Bitcoin is on a tear today rising in value by over 14% in the last few hours. Earlier this week, on the day Mark Zuckerberg took a shellacking from the US House Financial Services Committee, Bitcoin dumped 8%. While the trip to the House of Representatives Woodshed may have been no fun for Zuckerberg, shares in Facebook (NASDAQ:FB) jumped that day. Go figure.
Inevitably, there is a lot of chatter about Bitcoin and the reasons as to why it has increased today. Words like “buy signals” and “technical bounce” or “oversold” will be used to justify the move.
Alex Mashinsky, CEO of Celsius Network, a large crypto lending platforms, shared the following comment with Crowdfund Insider:
“What goes down must go up: there was no reason for this week’s crash, so why do we need a reason for it to go back up? I do think Zuckerberg’s testimony got a lot of people worried of a bigger retaliation from regulators, but after most of the questioning had nothing to do with cryptocurrency or Libra – and with reports this morning of China premier Xi describing Blockchain as a ‘Rule of law network’ – spirits have risen and the bull is back.”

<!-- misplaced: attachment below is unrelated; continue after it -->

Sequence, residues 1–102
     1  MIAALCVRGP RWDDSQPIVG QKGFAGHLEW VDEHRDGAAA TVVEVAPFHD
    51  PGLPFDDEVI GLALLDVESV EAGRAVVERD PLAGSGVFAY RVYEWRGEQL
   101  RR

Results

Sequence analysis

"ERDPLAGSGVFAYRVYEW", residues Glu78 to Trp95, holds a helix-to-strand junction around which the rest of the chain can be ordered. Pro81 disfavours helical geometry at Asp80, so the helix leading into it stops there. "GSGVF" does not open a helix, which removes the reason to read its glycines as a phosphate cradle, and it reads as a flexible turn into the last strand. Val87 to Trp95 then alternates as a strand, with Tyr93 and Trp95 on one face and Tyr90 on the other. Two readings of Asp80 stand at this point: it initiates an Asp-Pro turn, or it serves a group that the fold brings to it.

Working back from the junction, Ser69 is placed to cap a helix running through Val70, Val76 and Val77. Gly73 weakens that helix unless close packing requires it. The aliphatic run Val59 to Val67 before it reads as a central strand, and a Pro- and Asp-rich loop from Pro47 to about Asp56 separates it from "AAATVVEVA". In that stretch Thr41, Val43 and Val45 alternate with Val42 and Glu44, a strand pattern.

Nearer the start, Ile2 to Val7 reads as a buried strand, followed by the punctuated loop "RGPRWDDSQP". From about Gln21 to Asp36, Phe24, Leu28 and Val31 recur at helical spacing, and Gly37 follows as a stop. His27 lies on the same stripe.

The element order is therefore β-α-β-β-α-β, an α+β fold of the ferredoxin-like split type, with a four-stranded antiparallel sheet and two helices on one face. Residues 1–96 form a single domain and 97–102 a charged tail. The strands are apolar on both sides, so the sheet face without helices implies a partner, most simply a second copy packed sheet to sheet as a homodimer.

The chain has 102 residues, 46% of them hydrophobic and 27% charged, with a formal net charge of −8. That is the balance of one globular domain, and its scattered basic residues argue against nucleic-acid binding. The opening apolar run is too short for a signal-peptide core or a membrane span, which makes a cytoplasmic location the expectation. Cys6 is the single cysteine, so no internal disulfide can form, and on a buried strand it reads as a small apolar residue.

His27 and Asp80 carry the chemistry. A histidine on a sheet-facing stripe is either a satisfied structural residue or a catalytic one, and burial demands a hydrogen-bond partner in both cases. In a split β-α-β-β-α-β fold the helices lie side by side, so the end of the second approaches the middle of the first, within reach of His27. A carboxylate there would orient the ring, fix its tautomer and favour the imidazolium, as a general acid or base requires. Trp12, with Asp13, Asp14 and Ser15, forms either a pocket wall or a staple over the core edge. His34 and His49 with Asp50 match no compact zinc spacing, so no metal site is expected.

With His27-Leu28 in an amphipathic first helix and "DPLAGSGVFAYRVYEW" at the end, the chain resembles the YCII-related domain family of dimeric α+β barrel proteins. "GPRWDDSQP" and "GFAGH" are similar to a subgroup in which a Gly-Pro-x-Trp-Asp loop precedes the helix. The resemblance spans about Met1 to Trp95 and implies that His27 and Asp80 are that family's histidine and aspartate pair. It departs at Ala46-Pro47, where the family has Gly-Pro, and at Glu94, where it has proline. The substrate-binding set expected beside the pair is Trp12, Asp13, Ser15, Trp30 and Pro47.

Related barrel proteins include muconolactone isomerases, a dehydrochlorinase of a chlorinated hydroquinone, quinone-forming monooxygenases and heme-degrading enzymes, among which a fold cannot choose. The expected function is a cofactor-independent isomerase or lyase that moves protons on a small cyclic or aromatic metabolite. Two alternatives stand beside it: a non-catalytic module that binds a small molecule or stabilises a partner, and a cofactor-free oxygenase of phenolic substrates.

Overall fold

Of course, the extreme volatility associated with Bitcoin always leads one to wonder how much manipulation is going on.
This is the same concern that has pushed pause on Bitcoin ETFs in the US as the Securities and Exchange Commission has voiced similar concerns. The reality is that any thinly traded security is an target for manipulation. While you can argue that Bitcoin may have sufficient volume so it is not a thinly traded asset, it is largely unregulated in its trading.
Unregulated means a low probability of negative ramifications if you decide to paint the tape a bit. And there are plenty of large holders along with a good number of “exchanges” which lack harmonized pricing that you can argue its an easy game to play. But all this does not really matter if you buy low and sell high. Right?